As he puts it: “When Europeans first came to Africa, they considered the architecture very disorganised and thus primitive. It never occurred to them that the Africans might have been using a form of mathematics that they hadn’t even discovered yet.”

A plaque showing an entrance to the palace of the Oba of Benin.
A plaque showing an entrance to the palace of the Oba of Benin. Photograph: Alamy
At the centre of the city stood the king’s court, from which extended 30 very straight, broad streets, each about 120-ft wide. These main streets, which ran at right angles to each other, had underground drainage made of a sunken impluvium with an outlet to carry away storm water. Many narrower side and intersecting streets extended off them. In the middle of the streets were turf on which animals fed.

“Houses are built alongside the streets in good order, the one close to the other,” writes the 17th-century Dutch visitor Olfert Dapper. “Adorned with gables and steps … they are usually broad with long galleries inside, especially so in the case of the houses of the nobility, and divided into many rooms which are separated by walls made of red clay, very well erected.”

Dapper adds that wealthy residents kept these walls “as shiny and smooth by washing and rubbing as any wall in Holland can be made with chalk, and they are like mirrors. The upper storeys are made of the same sort of clay. Moreover, every house is provided with a well for the supply of fresh water”.

Family houses were divided into three sections: the central part was the husband’s quarters, looking towards the road; to the left the wives’ quarters (oderie), and to the right the young men’s quarters (yekogbe).

Daily street life in Benin City might have consisted of large crowds going though even larger streets, with people colourfully dressed – some in white, others in yellow, blue or green – and the city captains acting as judges to resolve lawsuits, moderating debates in the numerous galleries, and arbitrating petty conflicts in the markets.

The early foreign explorers’ descriptions of Benin City portrayed it as a place free of crime and hunger, with large streets and houses kept clean; a city filled with courteous, honest people, and run by a centralised and highly sophisticated bureaucracy.

What impressed the first visiting Europeans most was the wealth, artistic beauty and magnificence of the city

The city was split into 11 divisions, each a smaller replication of the king’s court, comprising a sprawling series of compounds containing accommodation, workshops and public buildings – interconnected by innumerable doors and passageways, all richly decorated with the art that made Benin famous. The city was literally covered in it.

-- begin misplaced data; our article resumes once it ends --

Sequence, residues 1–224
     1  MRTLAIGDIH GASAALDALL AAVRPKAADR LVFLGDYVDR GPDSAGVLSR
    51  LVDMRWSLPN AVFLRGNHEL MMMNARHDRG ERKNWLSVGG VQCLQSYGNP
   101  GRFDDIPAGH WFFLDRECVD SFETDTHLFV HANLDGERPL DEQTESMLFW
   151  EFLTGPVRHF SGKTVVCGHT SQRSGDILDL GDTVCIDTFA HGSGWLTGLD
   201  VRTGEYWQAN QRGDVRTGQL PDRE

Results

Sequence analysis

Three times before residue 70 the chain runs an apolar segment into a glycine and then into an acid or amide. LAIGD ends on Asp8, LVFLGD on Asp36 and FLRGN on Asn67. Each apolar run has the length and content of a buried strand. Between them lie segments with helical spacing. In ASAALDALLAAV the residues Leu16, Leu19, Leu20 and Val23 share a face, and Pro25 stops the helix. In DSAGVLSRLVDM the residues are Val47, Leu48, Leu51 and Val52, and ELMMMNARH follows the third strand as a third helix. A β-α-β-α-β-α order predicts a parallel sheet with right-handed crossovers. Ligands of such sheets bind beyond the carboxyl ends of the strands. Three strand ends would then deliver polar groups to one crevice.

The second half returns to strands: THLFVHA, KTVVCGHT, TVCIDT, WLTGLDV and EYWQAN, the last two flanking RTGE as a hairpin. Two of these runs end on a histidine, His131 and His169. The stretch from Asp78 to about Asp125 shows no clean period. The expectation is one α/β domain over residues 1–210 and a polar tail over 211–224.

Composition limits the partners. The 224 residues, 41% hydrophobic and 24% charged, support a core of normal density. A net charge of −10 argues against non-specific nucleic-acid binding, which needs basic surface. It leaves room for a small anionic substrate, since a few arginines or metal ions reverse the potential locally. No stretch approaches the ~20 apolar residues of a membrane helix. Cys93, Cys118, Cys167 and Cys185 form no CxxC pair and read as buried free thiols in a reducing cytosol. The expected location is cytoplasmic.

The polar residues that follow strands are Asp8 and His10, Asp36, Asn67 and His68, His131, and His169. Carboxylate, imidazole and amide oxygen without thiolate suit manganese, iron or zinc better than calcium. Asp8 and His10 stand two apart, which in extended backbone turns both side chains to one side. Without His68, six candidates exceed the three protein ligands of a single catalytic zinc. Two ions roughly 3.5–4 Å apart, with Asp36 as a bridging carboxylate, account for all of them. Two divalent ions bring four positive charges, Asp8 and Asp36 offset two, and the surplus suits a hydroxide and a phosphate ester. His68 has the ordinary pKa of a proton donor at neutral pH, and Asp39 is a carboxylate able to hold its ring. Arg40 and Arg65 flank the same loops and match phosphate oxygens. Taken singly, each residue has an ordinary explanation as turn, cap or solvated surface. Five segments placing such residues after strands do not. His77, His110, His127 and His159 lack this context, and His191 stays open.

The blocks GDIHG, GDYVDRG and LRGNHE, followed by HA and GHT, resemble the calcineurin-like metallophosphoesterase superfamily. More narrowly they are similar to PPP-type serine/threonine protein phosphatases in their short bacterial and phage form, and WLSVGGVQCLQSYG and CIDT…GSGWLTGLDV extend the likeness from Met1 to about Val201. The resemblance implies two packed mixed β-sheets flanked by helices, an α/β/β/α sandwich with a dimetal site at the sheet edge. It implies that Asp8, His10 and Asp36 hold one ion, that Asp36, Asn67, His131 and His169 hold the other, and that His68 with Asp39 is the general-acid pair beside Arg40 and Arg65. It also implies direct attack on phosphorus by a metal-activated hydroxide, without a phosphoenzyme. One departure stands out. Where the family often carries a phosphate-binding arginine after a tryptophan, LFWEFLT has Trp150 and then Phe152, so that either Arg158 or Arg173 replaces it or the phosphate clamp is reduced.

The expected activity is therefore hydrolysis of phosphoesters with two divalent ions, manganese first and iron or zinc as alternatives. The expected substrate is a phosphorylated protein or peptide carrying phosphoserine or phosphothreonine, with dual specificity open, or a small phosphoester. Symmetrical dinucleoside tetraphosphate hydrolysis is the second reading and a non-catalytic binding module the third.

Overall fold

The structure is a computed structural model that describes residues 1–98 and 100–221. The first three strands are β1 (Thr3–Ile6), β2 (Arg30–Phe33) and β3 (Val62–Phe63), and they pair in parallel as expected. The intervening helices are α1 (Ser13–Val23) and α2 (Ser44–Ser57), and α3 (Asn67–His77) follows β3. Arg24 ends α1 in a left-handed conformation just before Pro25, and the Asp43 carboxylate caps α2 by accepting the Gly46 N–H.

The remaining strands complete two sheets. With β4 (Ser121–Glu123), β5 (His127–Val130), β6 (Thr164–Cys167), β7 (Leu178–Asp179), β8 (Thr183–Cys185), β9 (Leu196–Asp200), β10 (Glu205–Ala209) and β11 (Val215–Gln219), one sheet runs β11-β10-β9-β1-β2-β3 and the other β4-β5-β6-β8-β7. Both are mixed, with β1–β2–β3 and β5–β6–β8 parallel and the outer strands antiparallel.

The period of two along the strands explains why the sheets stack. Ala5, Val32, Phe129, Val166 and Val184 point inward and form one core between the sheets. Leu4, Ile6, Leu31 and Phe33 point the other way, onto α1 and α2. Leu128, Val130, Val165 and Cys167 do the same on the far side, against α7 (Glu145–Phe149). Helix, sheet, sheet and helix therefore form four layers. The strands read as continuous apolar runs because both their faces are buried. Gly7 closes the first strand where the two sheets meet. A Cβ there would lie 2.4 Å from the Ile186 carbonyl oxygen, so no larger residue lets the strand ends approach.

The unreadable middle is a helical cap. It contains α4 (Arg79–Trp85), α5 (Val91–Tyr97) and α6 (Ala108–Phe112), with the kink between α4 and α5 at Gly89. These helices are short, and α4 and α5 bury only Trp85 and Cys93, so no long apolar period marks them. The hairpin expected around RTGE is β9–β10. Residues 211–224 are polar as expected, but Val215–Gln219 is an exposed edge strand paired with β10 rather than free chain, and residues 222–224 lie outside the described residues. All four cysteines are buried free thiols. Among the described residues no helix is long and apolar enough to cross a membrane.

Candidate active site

The exterior walls of the courts and compounds were decorated with horizontal ridge designs (agben) and clay carvings portraying animals, warriors and other symbols of power – the carvings would create contrasting patterns in the strong sunlight. Natural objects (pebbles or pieces of mica) were also pressed into the wet clay, while in the palaces, pillars were covered with bronze plaques illustrating the victories and deeds of former kings and nobles.

At the height of its greatness in the 12th century – well before the start of the European Renaissance – the kings and nobles of Benin City patronised craftsmen and lavished them with gifts and wealth, in return for their depiction of the kings’ and dignitaries’ great exploits in intricate bronze sculptures.

“These works from Benin are equal to the very finest examples of European casting technique,” wrote Professor Felix von Luschan, formerly of the Berlin Ethnological Museum. “Benvenuto Celini could not have cast them better, nor could anyone else before or after him. Technically, these bronzes represent the very highest possible achievement.”

A drawing of Benin City made by a British officer in 1897.
A drawing of Benin City made by a British officer in 1897. Illustration: akg-images
What impressed the first visiting Europeans most was the wealth, artistic beauty and magnificence of the city. Immediately European nations saw the opportunity to develop trade with the wealthy kingdom, importing ivory, palm oil and pepper – and exporting guns. At the beginning of the 16th century, word quickly spread around Europe about the beautiful African city, and new visitors flocked in from all parts of Europe, with ever glowing testimonies, recorded in numerous voyage notes and illustrations.